Responsible Antibiotic Stewardship in Senior Care
Antibiotics are among the most frequently prescribed medications in nursing homes, with up to 70% of residents in a nursing home receiving one or more courses of systemic antibiotics when followed over a year, according to the Center for Disease Control and Prevention. Studies have shown that somewhere between 40-75% of antibiotics prescribed in nursing homes may be unnecessary or inappropriate.
As antibiotic resistance becomes an increasing global threat, antibiotic use in long-term care facilities is an issue that most experts agree needs to be addressed as part of the nationwide effort to slow the emergence of antibiotic-resistant bacteria.
Antibiotics can destroy or slow the growth of bad bacteria that cause infection, dramatically reducing mortality rates of once-fatal diseases such as pneumonia. While antibiotics are incredibly useful, throughout the years they have been used too frequently and in too large of doses. This exploitation of antibiotics has led to a new problem: antibiotic resistance.
When bacteria are exposed to antimicrobials (antibiotics), they can then develop a resistance to such treatments, according to The Society for Healthcare Epidemiology of America. This resistance has made it so certain types of bacteria have adapted and become more difficult to treat, causing panic in the scientific community. Antibiotic stewardship refers to the attempt to limit the use of antibiotics in order to reduce antibiotic resistance, toxicity, and unnecessary costs. It is not only an effort to decrease antibiotic use, but to use antibiotics more effectively and in the appropriate doses for the correct duration of time.
Although antibiotic stewardship isn’t a new philosophy, it has become more formalized through recommendations by the CDC, and a relatively new rule by the Centers for Medicare and Medicaid Services (CMS) that requires nursing homes to have an antibiotics stewardship program. The rule is part of a broader initiative aimed at improving the care and safety of the nearly 1.5 million residents in the 15,000 US long-term care facilities that participate in the Medicare and Medicaid programs.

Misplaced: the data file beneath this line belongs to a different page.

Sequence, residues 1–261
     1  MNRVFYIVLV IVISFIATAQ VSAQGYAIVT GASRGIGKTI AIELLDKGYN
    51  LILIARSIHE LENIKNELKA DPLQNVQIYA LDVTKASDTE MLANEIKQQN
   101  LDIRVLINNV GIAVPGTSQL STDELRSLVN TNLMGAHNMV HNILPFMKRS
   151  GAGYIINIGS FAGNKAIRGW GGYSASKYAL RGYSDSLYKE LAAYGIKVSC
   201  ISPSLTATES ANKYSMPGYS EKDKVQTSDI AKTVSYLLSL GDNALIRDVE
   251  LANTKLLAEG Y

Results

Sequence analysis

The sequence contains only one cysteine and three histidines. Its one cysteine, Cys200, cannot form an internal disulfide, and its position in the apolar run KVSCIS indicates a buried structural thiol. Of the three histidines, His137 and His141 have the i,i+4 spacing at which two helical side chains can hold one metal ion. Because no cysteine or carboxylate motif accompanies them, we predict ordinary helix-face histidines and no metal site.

The CDC has outlined the core elements of antibiotic stewardship for nursing homes into practical ways to initiate or expand antibiotic stewardship activities in nursing homes as the following:
While the effects of antibacterial resistance are widespread, they are seen to be the most problematic in elderly people, who make up the largest portion of antibiotic-users. Dr. Lindsay Nicolle from the University of Manitoba argues that “intense antimicrobial treatment in long-term care facilities promotes the emergence and persistence of antimicrobial-resistant organisms and leads to adverse effects”.
This issue of antibiotic (or antimicrobial) stewardship in geriatric medicine is not new, according to Peter Bernstein and Carole Lambert’s article, Developing and Implementing Antibiotic Stewardship in Long-Term Care. The issue was addressed nearly 30 years ago by an article in the Journal of the American Geriatrics Society, and again 20 years ago by The Society for Healthcare Epidemiology of America (SHEA). Unfortunately, this is not an issue with an easy fix. Medical treatment for people in nursing homes is dependent on not just one doctor, but a variety of nurses, physicians, and oftentimes family members as well.
Many possible courses for the implementation of antibiotic stewardship programs in nursing homes have been proposed, with limited success. While the solution to antibiotic resistance is still unknown, it is an issue that is being explored by experts in all different fields of medicine.
For more information on antibiotic stewardship and its importance in geriatric medicine, check out Today’s Geriatric Medicine.